After you have obtained several stack traces, reboot the router to
recover from the hung state.
Here is an example of this procedure:
User break detected at location 0x80af570
rommon 1 > k 50
PC = 0x080af570
Frame 00: FP = 0x02004750 RA = 0x0813d1b4
Frame 01: FP = 0x02004810 RA = 0x0813a8b8
Frame 02: FP = 0x0200482c RA = 0x08032000
Frame 03: FP = 0x0200483c RA = 0x040005b0
Frame 04: FP = 0x02004b34 RA = 0x0401517a
Frame 05: FP = 0x02004bf0 RA = 0x04014d9c
Frame 06: FP = 0x02004c00 RA = 0x040023d0
Frame 07: FP = 0x02004c68 RA = 0x04002e9e
Frame 08: FP = 0x02004c78 RA = 0x040154fe
Frame 09: FP = 0x02004e68 RA = 0x04001fc0
Frame 10: FP = 0x02004f90 RA = 0x0400c41e
Frame 11: FP = 0x02004fa4 RA = 0x04000458
Suspect bogus FP = 0x00000000, aborting
rommon 2 > cont
Repeat this procedure several times in the event of a system problem to
collect multiple instances of the stack trace.
When a router does not respond, it is almost always a software problem.
In this case, collect as much information as possible, including the stack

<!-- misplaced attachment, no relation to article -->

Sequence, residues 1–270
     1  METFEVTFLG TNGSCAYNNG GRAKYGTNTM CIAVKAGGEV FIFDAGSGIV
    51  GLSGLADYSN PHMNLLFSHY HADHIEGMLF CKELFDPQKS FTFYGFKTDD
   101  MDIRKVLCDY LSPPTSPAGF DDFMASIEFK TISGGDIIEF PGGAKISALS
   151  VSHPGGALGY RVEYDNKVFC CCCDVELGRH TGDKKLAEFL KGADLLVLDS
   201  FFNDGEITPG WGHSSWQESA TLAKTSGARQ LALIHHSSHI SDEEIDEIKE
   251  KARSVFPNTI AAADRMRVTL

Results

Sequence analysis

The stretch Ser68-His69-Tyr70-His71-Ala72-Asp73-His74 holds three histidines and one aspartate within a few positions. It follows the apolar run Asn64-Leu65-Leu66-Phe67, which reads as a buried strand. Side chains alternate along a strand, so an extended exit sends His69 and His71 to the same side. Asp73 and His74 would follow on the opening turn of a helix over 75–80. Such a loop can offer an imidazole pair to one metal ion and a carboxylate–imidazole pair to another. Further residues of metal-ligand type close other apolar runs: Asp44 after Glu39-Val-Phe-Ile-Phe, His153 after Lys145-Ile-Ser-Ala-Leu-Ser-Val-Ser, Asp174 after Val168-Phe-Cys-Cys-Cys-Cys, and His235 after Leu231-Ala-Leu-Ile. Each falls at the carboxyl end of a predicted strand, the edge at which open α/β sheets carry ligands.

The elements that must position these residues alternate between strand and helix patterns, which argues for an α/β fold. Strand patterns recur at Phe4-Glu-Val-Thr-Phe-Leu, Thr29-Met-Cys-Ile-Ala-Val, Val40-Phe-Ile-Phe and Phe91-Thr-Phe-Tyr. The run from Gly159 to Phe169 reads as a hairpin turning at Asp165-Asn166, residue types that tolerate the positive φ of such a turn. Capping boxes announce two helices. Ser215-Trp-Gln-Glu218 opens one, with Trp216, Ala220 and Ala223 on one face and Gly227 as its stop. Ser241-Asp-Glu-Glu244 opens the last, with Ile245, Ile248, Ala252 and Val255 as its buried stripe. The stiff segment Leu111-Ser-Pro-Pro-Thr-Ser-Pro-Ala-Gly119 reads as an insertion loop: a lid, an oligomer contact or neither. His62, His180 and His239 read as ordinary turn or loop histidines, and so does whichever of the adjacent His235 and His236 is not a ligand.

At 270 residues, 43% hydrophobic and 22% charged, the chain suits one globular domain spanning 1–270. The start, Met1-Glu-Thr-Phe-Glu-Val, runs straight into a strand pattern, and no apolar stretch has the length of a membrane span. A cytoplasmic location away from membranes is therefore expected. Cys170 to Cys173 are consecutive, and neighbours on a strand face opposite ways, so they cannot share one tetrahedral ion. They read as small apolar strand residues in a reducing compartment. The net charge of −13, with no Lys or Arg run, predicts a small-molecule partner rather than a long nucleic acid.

trace, before you open a TAC service request. It is also important to include
output from the show version, show
run, and show interfaces commands.
If you open a TAC Service Request, please attach the
following information to your request for troubleshooting Router Hangs:
Please attach the collected data to your case in non-zipped,
plain text format (.txt). You can attach information to your case by uploading
it using the
TAC Service Request Tool
(registered customers only)
. If you cannot access the
TAC Service Request Tool, you can attach the relevant information to your case
by sending it to firstname.lastname@example.org with your case number in the subject line of
Troubleshooting performed before opening the
show technical-support output (in
enable mode if possible)
show log output or console captures
stack trace from ROM Monitor
Note: If the console is responsive, please do not manually reload or
power-cycle the router before collecting the above information, unless required
to troubleshoot router hangs, as this can cause important information to be
lost that is needed for determining the root cause of the problem.